Reply Hollie Db Prenatal
Opioid use during pregnancy comes with many risks to the mother and fetus. In utero, there is a risk of preeclampsia, premature labor and rupture of membranes, placental insufficiency, abruptio placentae, intrauterine growth retardation, and intrauterine death (Ross, Graham, Money, & Stanwood, 2014). While in utero, opioids can also cross the placenta and lead to abnormal growth and development, birth defects, and opioid uptake (Yazdy, Desai, & Brogly, 2015). Neonatal abstinence syndrome (NAS) is a condition in which opioid exposed infants experience drug withdrawal symptoms shortly after birth (Krans & Patrick, 2016).
NAS is characterized by central nervous system hyperirritability, autonomic nervous system dysfunction, and gastrointestinal disturbances (Stover & Davis, 2015). Observed symptoms may include: irritability, excessive crying, poor sleep, increased muscle tone, tremors, hyperthermia, loose stools, excessive movements, yawning, sweating, sneezing, and nasal stuffiness (Stover & Davis, 2015). Some infants may also experience seizures (Stover & Davis, 2015). Neonates with NAS typically require prolonged hospitalization and pharmacotherapy with morphine or methadone (Yazdy et al., 2015).
In this scenario, it is also going to be important for the mother to get clean. Opioid withdrawal is not recommended during pregnancy, however, medication assisted treatment can be started while pregnant (Krans & Patrick, 2016). Mental health assessments and counseling will also be important for this mother. For women that are undergoing medication assisted treatment with methadone or buprenorphine, the AAP and ACOG both encourage breastfeeding (Stover & Davis, 2015). In these cases, breastfeeding is associated with a decrease in the incidence and severity of NAS (Stover & Davis, 2015).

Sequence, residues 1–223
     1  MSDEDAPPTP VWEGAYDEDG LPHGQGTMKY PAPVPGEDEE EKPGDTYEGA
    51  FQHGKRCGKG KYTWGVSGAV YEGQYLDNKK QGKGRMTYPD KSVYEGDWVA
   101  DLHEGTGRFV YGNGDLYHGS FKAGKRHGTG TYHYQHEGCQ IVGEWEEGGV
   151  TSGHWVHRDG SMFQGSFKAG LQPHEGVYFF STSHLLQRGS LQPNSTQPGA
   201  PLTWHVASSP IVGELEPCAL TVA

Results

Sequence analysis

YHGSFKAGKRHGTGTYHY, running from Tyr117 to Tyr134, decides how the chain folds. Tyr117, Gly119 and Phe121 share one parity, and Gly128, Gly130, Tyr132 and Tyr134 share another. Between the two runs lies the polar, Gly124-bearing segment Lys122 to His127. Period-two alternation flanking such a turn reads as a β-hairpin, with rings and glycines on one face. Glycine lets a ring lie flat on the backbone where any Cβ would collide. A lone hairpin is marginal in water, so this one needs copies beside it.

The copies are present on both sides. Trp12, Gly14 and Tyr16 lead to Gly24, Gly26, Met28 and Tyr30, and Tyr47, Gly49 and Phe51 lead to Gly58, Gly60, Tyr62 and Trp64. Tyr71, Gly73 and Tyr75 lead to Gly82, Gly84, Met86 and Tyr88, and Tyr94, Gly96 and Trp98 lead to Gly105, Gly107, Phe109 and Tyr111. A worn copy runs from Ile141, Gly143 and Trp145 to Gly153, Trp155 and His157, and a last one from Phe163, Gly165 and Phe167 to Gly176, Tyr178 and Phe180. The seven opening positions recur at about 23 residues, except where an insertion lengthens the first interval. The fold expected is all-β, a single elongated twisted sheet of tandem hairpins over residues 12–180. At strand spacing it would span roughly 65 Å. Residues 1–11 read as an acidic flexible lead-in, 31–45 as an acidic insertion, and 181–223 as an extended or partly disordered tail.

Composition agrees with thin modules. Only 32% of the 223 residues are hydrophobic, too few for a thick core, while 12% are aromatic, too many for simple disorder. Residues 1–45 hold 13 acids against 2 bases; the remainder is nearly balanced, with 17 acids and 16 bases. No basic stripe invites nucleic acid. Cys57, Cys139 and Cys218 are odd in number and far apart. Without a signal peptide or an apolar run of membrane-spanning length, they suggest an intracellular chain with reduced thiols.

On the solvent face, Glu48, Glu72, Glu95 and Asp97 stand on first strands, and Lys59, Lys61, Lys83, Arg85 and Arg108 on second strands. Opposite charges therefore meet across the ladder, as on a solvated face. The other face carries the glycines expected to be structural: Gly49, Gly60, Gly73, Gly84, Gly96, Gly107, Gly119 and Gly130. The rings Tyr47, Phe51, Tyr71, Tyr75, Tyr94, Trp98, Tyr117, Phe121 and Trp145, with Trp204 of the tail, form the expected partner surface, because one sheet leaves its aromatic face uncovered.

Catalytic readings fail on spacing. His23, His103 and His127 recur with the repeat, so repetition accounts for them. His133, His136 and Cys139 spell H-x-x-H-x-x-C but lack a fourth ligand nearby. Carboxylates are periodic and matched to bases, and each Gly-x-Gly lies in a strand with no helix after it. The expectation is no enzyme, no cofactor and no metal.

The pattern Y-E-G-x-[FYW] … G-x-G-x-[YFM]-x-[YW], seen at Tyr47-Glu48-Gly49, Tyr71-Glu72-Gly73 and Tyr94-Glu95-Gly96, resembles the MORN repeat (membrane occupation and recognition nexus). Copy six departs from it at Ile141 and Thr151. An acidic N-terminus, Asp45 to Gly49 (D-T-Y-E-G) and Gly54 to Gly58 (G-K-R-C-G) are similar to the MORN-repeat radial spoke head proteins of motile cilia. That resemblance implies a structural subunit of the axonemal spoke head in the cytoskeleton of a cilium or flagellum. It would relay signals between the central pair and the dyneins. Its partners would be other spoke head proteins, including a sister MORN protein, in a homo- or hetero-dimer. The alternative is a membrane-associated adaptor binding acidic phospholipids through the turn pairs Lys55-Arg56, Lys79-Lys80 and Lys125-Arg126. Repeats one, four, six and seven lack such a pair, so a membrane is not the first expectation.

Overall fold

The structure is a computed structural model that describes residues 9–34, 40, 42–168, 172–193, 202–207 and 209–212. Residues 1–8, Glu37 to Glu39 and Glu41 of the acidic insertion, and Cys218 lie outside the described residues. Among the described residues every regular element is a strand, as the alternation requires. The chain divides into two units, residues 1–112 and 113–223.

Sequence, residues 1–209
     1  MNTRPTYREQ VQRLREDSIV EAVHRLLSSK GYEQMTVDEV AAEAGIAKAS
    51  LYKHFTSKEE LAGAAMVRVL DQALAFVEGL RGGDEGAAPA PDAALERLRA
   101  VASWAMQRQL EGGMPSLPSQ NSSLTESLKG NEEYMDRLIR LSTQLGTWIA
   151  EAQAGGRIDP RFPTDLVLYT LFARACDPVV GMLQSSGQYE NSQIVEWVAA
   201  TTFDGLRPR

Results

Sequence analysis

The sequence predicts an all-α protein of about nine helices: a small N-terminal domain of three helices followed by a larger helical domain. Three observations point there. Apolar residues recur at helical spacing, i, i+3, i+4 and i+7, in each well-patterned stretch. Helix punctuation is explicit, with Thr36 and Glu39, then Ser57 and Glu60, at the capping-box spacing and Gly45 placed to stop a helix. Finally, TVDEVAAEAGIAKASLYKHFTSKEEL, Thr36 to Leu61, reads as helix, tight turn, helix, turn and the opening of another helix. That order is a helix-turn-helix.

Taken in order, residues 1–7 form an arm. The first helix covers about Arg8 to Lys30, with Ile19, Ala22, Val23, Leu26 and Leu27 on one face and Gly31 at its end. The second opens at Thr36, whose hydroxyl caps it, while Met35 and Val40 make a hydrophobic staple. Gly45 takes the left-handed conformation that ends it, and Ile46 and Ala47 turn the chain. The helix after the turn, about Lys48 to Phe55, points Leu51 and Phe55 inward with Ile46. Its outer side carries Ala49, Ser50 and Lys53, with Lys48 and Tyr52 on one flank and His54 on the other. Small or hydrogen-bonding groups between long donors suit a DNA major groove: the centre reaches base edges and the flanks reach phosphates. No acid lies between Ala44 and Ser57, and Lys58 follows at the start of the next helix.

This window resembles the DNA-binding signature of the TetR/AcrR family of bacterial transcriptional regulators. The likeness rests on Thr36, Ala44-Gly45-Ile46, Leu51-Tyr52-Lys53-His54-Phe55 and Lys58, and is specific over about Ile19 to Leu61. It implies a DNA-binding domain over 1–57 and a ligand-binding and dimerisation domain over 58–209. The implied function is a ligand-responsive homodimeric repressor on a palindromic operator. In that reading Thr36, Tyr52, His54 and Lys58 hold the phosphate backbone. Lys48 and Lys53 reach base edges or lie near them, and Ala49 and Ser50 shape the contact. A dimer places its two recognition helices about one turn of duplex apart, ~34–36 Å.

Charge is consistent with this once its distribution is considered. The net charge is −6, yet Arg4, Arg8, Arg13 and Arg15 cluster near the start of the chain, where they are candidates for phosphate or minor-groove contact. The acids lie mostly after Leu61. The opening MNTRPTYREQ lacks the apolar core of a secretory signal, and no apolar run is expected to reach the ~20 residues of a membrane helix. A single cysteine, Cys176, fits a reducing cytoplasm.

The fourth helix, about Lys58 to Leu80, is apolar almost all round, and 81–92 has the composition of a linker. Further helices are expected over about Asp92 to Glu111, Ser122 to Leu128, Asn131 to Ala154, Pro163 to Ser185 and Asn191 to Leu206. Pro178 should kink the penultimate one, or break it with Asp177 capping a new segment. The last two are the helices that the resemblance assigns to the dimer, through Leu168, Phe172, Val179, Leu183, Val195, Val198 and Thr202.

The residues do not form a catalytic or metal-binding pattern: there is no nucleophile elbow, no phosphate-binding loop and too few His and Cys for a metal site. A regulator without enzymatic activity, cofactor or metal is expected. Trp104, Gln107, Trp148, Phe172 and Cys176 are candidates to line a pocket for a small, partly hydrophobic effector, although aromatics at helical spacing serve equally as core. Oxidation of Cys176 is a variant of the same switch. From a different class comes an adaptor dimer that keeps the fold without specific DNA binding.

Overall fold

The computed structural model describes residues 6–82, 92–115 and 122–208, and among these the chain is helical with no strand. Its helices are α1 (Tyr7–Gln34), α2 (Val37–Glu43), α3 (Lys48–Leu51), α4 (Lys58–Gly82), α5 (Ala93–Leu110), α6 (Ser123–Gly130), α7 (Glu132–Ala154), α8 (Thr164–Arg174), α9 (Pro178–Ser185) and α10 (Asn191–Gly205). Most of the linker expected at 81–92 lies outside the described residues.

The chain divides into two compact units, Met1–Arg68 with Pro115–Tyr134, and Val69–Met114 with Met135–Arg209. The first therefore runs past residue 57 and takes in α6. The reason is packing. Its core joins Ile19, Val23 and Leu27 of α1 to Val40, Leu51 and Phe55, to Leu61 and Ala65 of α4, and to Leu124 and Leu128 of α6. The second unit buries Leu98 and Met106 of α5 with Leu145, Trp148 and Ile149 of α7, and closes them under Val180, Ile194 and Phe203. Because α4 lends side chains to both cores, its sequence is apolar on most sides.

The long-term consequences of opioid exposure in utero and NAS have been difficult to determine (Stover & Davis, 2015). This is due to small study sizes and issues differentiating the effects of in utero exposures versus postnatal treatments versus environmental influences (Stover & Davis, 2015). Although, studies have found that in general, children with opioid exposures are more likely to have psychiatric issues, attention deficit disorders, and disruptive behaviors (Stover & Davis, 2015). Other effects may also include smaller brains, a thinner cortex, and reduced cognitive abilities (Stover & Davis, 2015).
Krans, E. E., & Patrick, S. W. (2016). Opioid use disorder in pregnancy: Health policy and practice in the midst of an epidemic. Obstetrics and Gynecology, 128(1), 4-10. https://dx.doi.org/10.1097%2FAOG.0000000000001446
Ross, E. J., Graham, D. L., Money, K. M., & Stanwood, G. D. (2014). Developmental consequences of fetal exposure to drugs: What we know and what we still must learn. Official Publication of the American College of Neuropsychopharmacology, 40(1), 61-87. https://dx.doi.org/10.1038%2Fnpp.2014.147
Stover, M. W., & Davis, J. M. (2015). Opioids in pregnancy and neonatal abstinence syndrome. Seminars in Perinatology, 39(7), 561-565. https://dx.doi.org/10.1053%2Fj.semperi.2015.08.013
Yazdy, M. M., Desai, R. J., & Brogly, S. B. (2015). Prescription opioids in pregnancy and birth outcomes: A review of the literature. Journal of Pediatric Genetics, 4(2), 56-70. https://dx.doi.org/10.1055%2Fs-0035-1556740